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Leigh, Cyril Anthony (Leading Aircraftman)

Killed in Flying Accident 1945-08-02

Male Head

Birth Date: 1918-01-01 (age 27)

Son of Mr. and Mrs. Ernest Leigh, of Grappenhall, Cheshire, England

E. M. Leigh, of Latchford, Warrington, Lancashire England.

18 SFTS- Service Flying Training School
Souris, Manitoba, Canada
Leading Aircraftman
Air Chief MarshalA/C/M
Air MarshalA/M
Air Vice MarshalA/V/M
Air CommodoreA/C
Group CaptainG/C
Wing CommanderW/C
Squadron LeaderS/L
Flight LieutenantF/L
Flying OfficerF/O
Pilot OfficerP/O
Warrant Officer 1st ClassWO1
Warrant Officer 2nd ClassWO2
Flight SergeantFS
Senior AircraftmanSAC
Leading AircraftmanLAC
Aircraftman 1st ClassAC1
Aircraftman 2nd ClassAC2
Service Numbers
18 SFTS. This accident occured after the school had moved to Souris, Manitoba.

Commonwealth War Graves Commission Commonwealth War Graves Commission

Canada Primary Source Library and Archives Canada Service Files (may not exist)

This incident involved multiple aircraft:

  1. Anson Mk. II 8480
  2. Anson Mk. II 11257

All the aircraft in the above list are in this report.

Google Map Brandon Cemetery, Canada
Lot 4 Block C Sec 27

Crew on Anson Mk. II 11257

Avro Anson

Avro Anson Mk. V
Canadian Warplane Heritage Museum
The Museum's Anson Mk. V was built by MacDonald Brothers in Winnipeg in 1944. It flew with No. 7 Photographic Wing and No. 414 Squadron in Ottawa on photo survey work until the late 1940s. In 1956, it was purchased by INCO and used for mineral surveying until 1980, when it was donated to the Museum. The exterior is painted in the yellow colour common to all BCATP trainers and is in its same wartime RCAF markings.

The Avro Anson was known by a number of nicknames including "Faithful Annie" or "Flying Greenhouse". It was the first aircraft to be flown by the Royal Canadian Air Force to have a retractable undercarriage, which was a comparative novelty in 1936. In 1940, a Canadian government owned company, Federal Aircraft Limited, was created in Montreal to manufacture the Anson for Canadian use. Nearly 3,000 Anson aircraft were produced and, in the early days of the British Commonwealth Air Training Plan (BCATP), the Anson was the standard trainer for many pilots, observers (navigators), wireless operators and bomb aimers. More than 20,000 aircrew received training on the Anson. In Canadian service, the aircraft was substantially re-designed with the substitution of North American engines and many other airframe and equipment changes. Harold Skaarup web pages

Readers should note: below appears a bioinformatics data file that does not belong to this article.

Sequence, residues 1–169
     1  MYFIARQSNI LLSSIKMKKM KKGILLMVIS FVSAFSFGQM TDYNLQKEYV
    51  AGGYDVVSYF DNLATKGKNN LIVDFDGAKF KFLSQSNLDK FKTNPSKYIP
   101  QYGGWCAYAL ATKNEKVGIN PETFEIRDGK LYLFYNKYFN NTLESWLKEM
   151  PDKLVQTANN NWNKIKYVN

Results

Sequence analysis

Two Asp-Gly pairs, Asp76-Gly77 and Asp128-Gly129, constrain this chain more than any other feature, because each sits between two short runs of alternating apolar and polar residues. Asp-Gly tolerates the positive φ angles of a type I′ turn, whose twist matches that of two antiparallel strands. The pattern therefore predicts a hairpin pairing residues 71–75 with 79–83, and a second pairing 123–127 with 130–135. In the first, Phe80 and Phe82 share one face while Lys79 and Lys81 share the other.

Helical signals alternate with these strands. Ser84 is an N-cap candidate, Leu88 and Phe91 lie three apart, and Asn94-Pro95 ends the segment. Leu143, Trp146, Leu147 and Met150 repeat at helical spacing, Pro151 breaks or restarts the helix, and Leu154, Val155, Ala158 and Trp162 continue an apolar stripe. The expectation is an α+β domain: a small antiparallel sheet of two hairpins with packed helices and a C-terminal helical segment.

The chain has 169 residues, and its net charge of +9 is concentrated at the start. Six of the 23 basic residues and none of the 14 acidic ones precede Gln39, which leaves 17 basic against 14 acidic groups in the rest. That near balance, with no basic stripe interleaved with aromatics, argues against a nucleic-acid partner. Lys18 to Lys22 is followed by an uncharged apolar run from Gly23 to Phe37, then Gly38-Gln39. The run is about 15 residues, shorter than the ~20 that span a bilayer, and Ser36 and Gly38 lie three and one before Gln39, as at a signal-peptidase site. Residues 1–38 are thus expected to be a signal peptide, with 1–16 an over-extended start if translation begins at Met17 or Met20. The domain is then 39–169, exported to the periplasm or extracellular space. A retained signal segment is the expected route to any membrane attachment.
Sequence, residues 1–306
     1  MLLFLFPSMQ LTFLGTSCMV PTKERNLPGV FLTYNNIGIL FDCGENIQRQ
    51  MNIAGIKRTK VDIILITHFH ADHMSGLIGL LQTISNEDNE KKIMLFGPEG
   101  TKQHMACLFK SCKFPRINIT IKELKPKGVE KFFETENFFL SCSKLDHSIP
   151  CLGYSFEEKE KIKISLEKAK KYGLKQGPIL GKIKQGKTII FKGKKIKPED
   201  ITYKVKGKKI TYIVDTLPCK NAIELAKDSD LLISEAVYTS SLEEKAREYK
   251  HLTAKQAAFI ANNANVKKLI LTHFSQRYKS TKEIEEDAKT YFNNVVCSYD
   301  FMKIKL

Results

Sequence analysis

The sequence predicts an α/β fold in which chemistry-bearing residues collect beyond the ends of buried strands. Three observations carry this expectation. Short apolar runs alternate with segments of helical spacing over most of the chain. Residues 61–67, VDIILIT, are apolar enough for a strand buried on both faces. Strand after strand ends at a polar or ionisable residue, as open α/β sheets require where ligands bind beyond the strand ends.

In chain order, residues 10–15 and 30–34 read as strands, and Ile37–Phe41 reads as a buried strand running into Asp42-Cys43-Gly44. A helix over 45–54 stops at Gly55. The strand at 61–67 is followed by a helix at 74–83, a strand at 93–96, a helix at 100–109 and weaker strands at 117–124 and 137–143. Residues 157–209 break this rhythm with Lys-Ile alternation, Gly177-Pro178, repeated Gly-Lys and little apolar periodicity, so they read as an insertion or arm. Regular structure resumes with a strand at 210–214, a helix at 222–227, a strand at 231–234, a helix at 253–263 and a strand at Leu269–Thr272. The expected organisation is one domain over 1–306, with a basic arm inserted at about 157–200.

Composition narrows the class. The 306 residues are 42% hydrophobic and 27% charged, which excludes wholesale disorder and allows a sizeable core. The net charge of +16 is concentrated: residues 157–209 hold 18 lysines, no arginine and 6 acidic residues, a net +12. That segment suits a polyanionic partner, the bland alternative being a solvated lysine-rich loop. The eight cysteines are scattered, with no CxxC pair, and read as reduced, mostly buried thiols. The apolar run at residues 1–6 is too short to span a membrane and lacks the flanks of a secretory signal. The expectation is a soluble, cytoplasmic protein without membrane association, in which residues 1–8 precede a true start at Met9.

General Harold A Skaarup Web Page

YouTube Avro Anson History

YouTube Avro Anson Construction

CASPIR Aircraft Groups:
RCAF On Strength (4404), RCAF 400 Squadron (6), Canadian Aircraft Losses (257)
last update: 2022-02-22 21:45:24

Anson Mk. II 8480

To No. 2 Air Command on 1 December 1944. Category A damage on 2 August 1945 at Souris, Manitoba, reported by No. 18 Service Flying Training School at Gimli, Manitoba. Reported as "unserviceable aircraft involved in a collision", collided with Anson 11257 of the same School. At least three fatalities. Salvageable parts to be shipped to No. 8 Repair Depot. Ownership to No. 8 Repair Depot on 21 August 1945.